The Shiv Sena have a discourse that is simple to understand once in the context of the Primordial nationalist theory. It maintains a narrative that Muslims are historical enemies of India and the Hindus, and the Sena maintains that Hindu masculinity is threatened by the Muslims. As a result, Shiv Sena has claimed that the Indian government is weak for maintaining a secularist system that damages Hindu tradition. Furthermore, Shiv Sena has characterised the government as impotent, effeminate, and castrated in order to be subservient to India’s Muslim community (Roy 141). The Shiv Sena espouse that due to the weakness of the Indian government, Hindu masculinity is rejuvenated through acts of violence against Muslims. This weakness is noted by the Shiv Sena in their reference to the authorities as Hijras (eunuchs), though it is disputed that the authorities actually sided with the Sena during instances like the Mumbai Riots in 1992 and 1993 (Banerjee 37-38). In the Shiv Sena organisation, the regeneration of masculinity is heavy in its rhetoric, attributing violence and aggression as masculine attributes. This can be noted in the rhetoric of referring to Shiv Sena militants as Shiv Sainiks (warriors), and their fight against Muslims as a dharmayudh (Holy War) (Roy 143). Another aspect of Shiv Sena’s nationalist rhetoric playing on masculinity is to draw on the necessity of protecting the women of their family. This is used by Shiv Sena in this particular instance by referring to the nation of India as Bharat Mata, or “Mother India” (Roy 146). While Shiv Sena is a majority male organisation and known to use hyper-masculinity with patriarchal constructs, the Sena also maintain a wing of women. For the Shiv Sena, it is possible that a woman can have “masculine traits”, and that masculinity and femininity are not necessarily limited to biological or gendered dichotomies (Banerjee 133-134).

While this development of women within the Shiv Sena may appear contrary to what Bal Thackeray originally espoused when founding the Shiv Sena, he lauded the role of women within the organisation (Sen 75). Despite this, Thackeray also maintained the position that women should maintain the more restricted roles of “everyday Sena women” as carriers of domestic and religious culture (Sen 75). There is a contradiction in what Thackeray espouses regarding the traditional role of women and the eventual role of women within Shiv Sena. Thackeray had many contradictions in regards to his writings and speeches regarding the role of women. As stated previously, Thackeray believed that women should carry the domestic and religious culture as necessary, but in his speeches, he made pleas to women to take up arms and defend themselves in the streets of Mumbai (Sen 77). Just as Shiv Sena used metaphors associated with lightning and fire to rejuvenate masculinity among Hindu men, Thackeray invoked the female goddesses Kali and Durga with the ideals of female militancy for Shiv Sena women, albeit to minimal effect (Sen 79).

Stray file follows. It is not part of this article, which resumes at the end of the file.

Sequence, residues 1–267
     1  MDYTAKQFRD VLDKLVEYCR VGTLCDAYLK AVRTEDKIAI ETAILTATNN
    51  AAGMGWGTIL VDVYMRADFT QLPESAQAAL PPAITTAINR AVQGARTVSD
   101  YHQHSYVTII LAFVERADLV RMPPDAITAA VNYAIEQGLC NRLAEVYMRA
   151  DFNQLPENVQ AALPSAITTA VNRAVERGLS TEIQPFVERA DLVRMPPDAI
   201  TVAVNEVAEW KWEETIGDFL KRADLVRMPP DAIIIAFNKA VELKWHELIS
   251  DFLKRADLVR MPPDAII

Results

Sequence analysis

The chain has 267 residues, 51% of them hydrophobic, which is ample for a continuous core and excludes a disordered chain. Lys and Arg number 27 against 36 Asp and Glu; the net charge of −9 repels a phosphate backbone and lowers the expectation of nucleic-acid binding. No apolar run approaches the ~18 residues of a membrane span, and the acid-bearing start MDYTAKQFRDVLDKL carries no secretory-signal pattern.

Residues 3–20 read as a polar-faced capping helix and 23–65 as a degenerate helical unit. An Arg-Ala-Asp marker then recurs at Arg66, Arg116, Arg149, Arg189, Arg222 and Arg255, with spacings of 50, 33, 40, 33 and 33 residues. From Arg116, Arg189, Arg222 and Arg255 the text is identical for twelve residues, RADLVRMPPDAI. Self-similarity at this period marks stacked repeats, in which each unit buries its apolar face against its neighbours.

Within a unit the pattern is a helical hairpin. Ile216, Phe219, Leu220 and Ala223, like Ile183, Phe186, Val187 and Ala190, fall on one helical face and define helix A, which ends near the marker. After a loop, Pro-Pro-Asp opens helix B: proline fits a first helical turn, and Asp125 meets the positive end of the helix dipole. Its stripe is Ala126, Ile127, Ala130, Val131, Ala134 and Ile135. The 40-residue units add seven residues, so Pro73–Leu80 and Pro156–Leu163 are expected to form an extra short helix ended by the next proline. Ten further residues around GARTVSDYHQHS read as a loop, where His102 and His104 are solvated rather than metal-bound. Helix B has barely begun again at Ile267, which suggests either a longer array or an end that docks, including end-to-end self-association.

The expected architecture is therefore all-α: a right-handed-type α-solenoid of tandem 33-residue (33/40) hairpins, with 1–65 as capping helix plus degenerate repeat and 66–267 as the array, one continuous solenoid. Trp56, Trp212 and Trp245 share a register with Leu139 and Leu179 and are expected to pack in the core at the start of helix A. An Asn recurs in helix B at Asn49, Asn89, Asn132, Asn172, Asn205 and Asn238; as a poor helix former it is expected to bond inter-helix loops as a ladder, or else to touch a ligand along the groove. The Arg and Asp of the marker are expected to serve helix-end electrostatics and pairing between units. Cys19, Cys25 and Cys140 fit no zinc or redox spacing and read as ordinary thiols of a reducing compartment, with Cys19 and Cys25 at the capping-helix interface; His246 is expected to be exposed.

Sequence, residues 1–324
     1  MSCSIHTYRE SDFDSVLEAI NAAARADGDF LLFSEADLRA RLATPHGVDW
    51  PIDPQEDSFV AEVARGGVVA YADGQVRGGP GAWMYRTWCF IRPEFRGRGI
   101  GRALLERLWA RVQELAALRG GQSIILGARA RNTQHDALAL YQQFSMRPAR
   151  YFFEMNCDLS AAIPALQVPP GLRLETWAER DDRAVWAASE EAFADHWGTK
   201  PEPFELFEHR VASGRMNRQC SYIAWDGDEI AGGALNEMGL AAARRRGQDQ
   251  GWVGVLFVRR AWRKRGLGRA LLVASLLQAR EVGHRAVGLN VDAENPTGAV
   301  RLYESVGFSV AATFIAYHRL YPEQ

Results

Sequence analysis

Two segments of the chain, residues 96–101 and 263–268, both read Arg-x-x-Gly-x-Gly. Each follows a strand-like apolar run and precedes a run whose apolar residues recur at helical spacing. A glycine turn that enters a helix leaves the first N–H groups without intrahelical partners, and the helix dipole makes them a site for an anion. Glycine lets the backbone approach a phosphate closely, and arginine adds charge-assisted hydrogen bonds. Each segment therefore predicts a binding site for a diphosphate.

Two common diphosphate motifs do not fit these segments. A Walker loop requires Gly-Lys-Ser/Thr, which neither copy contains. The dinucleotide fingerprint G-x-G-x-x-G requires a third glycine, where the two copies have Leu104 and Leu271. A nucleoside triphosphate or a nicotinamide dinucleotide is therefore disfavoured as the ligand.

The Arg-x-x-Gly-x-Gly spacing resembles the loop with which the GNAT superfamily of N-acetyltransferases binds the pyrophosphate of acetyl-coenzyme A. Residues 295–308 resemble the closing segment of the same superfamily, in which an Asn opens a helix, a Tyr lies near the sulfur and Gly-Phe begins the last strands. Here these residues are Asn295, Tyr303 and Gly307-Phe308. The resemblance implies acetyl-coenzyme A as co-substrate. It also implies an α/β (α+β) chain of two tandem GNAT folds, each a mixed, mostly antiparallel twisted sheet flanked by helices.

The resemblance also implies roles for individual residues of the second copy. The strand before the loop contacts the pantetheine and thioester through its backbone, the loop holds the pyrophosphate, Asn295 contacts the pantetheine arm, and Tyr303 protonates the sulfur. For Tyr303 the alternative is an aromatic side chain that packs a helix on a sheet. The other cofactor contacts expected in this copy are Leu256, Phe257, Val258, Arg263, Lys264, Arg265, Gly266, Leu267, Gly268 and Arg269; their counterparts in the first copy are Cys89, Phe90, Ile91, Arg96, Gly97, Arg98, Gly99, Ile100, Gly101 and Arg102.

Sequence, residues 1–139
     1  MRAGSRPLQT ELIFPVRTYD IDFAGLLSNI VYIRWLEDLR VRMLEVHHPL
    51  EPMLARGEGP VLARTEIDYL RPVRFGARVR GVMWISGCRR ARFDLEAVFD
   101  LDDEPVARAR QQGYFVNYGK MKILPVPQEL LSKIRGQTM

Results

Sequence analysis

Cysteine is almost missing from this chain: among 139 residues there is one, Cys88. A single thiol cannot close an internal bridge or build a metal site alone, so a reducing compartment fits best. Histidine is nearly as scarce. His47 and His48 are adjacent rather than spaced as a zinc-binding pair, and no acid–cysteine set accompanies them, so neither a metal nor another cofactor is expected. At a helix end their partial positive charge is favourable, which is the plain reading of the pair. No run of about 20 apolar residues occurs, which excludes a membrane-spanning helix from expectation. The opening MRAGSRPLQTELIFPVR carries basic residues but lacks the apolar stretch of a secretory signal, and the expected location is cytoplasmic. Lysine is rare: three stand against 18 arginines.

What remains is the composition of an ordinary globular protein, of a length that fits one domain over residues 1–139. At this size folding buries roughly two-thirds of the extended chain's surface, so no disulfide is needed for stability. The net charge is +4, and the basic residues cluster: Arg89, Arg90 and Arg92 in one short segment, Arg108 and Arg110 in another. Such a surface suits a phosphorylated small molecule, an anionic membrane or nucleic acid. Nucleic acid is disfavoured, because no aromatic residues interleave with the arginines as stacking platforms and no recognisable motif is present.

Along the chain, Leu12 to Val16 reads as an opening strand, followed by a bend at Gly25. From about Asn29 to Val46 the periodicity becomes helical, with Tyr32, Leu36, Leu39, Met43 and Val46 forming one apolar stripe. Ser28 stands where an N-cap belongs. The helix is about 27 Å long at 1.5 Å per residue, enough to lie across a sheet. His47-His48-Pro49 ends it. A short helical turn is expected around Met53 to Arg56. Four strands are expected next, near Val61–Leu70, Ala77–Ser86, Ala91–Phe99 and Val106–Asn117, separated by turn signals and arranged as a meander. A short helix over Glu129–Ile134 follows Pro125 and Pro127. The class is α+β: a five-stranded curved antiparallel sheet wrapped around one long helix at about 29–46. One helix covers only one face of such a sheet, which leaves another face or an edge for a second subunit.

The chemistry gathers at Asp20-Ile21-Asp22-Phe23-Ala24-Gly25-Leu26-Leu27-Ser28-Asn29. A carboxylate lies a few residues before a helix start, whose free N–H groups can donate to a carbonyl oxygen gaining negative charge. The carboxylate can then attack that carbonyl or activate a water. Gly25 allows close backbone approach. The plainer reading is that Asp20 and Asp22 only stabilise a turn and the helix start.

While it may have been the goal of Bal Thackeray and Shiv Sena leaders to mobilise a militancy within Shiv Sena women, it appears to have failed. Instead, the Shiv Sena women used their political motivation to achieve objectives through continuous political engagement (Sen 108-109). As a result, the women of Shiv Sena provide a more pragmatic and utilitarian approach to Hindutva and Shiv Sena’s political participation. While Thackeray’s rhetoric may have been contradictory, it appears to have been suited to the situation when it came to Sena women. The call to arms may have failed when contrasted to how Hindu men responded, but it had an impact on how women approached politics within not only India, but also the male-heavy Hindutva movement. In fact, the role of Shiv Sena women is more aligned with Shiv Sena allies, Rashtriya Swayamsewak Sangh (RSS). The Shiv Sena’s penchant for violence is contrasted by the RSS’ cooperative and activist approach – which is more in line with what Roy has noted with the Shiv Sena women (Roy 145). The two parties both belong to the Hindu nationalist movement but have different approaches. With there being different approaches within the Shiv Sena organisation itself, though, there is a possibility for further change within the organisation, especially following Bal Thackeray’s death in 2012.











Bibliography & Further Recommended Readings

Banjaree, Sikata (1999) Warriors in Politics: Hindu Nationalism, Violence, and Shiv Sena in Mumbai. Boulder: Westview Press.

Heuze, Gerard (2000) “Populism, Religion, and Nation in Contemporary India: The Evolution of Shiv Sena in Maharashtra.” Comparative Studies of South Asia, Africa and the Middle East 20: 3-43.

Roy, Abhik (2006) “Regenerating Masculinity in the Construction of Hindu Nationalist Identity: A Case Study of Shiv Sena.” Communication Studies 57: 135-152.

Sen, Atreyee (2007) Shiv Sena Women: Violence and Communalism in a Bombay Slum. Bloomington: Indiana University Press.

Smith, Anthony D. (2010) Nationalism: Theory, Ideology, History. Cambridge: Polity Press.

Related Topics for Further Investigation

Aghadi women

Babri Masjid

Bal Thackeray

Bombay/Mumbai Riots

Hindu Nationalism

Partition of India

Mughal Empire

Rashtriya Swayamsewak Sangh


Srikrisna Commission


Related Websites


This article was written by: Rasim Music (Spring 2017), who is entirely responsible for its content.